Background
Matrix Gla protein (MGP) is an important inhibitor of calcification. The objective of the present study of patients with type 2 diabetes and normal or slightly altered kidney function was to evaluate levels of inactive, dephospho-uncarboxylated MGP(dp-ucMGP) and total uncarboxylated MGP(t-ucMGP) and assess their links with biological and clinical parameters (including peripheral vascular calcification).
Methods
The DIACART study is a cross-sectional cohort study of 198 patients with type 2 diabetes and normal or slightly altered kidney function. Matrix Gla protein levels were measured with an ELISA and all patients underwent multislice spiral computed tomography scans to score below-knee arterial calcification.
Results
In the study population as a whole, the mean dp-ucMGP and t-ucMGP levels were 627 ± 451 pM and 4868 ± 1613 nM, respectively. Glomerular filtration rate, age and current vitamin K antagonist use were independently associated with dp-ucMGP levels. When the study population was divided according to the median peripheral arterial calcification score, patients with the higher score displayed significantly lower t-ucMGP and significantly higher dp-ucMGP levels. Furthermore, plasma dp-ucMGP was positively associated with the peripheral arterial calcification score (independently of age, gender, previous cardiovascular disease and t-ucMGP levels).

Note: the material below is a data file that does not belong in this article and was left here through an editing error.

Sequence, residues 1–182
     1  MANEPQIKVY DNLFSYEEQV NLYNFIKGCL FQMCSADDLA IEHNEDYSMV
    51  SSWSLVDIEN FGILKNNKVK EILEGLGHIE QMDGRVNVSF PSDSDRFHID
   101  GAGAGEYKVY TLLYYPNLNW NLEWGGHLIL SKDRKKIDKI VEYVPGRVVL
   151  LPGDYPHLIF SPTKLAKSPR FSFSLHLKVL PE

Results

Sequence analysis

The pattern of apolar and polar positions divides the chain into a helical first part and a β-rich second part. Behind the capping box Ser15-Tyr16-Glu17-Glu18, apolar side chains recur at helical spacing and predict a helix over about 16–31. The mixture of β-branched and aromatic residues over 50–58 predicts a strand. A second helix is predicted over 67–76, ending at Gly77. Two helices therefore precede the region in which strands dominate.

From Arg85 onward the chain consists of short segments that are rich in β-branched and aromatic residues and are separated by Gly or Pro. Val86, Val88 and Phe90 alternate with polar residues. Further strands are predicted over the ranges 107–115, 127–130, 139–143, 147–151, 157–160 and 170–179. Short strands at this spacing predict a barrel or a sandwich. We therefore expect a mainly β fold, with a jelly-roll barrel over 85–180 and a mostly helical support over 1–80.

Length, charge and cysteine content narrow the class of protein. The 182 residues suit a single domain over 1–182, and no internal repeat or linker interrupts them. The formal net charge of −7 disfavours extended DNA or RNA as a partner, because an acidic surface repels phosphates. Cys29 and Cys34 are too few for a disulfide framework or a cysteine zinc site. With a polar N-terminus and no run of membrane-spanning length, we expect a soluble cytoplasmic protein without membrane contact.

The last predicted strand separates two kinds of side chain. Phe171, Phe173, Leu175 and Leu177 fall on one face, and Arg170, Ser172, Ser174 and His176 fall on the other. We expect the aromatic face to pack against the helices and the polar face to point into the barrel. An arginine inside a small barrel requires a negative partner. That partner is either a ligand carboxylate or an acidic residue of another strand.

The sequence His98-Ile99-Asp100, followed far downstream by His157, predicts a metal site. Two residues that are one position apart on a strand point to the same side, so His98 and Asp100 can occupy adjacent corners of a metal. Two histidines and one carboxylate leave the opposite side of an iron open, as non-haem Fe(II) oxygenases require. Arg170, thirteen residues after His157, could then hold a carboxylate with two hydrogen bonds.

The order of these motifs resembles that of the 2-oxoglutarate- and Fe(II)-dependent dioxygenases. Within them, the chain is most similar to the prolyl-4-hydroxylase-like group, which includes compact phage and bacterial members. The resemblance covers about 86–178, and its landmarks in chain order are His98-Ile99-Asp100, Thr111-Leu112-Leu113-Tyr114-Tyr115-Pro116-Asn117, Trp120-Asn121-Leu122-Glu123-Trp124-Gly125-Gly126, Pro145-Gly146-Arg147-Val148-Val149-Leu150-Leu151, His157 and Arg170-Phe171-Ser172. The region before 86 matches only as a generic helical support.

Conclusions
High dp-ucMGP levels were independently associated with below-knee arterial calcification score in patients with type 2 diabetes and normal or slightly altered kidney function. The reversibility of the elevation of dp-ucMGP levels and the latter’s relationship with clinical events merit further investigation.
doi:10.1186/1475-2840-13-85
PMCID: PMC4017083  PMID: 24762216
Matrix gla protein; Type 2 diabetes; Peripheral calcification
4.  SMRT-GPS2 corepressor pathway dysregulation coincides with obesity-linked adipocyte inflammation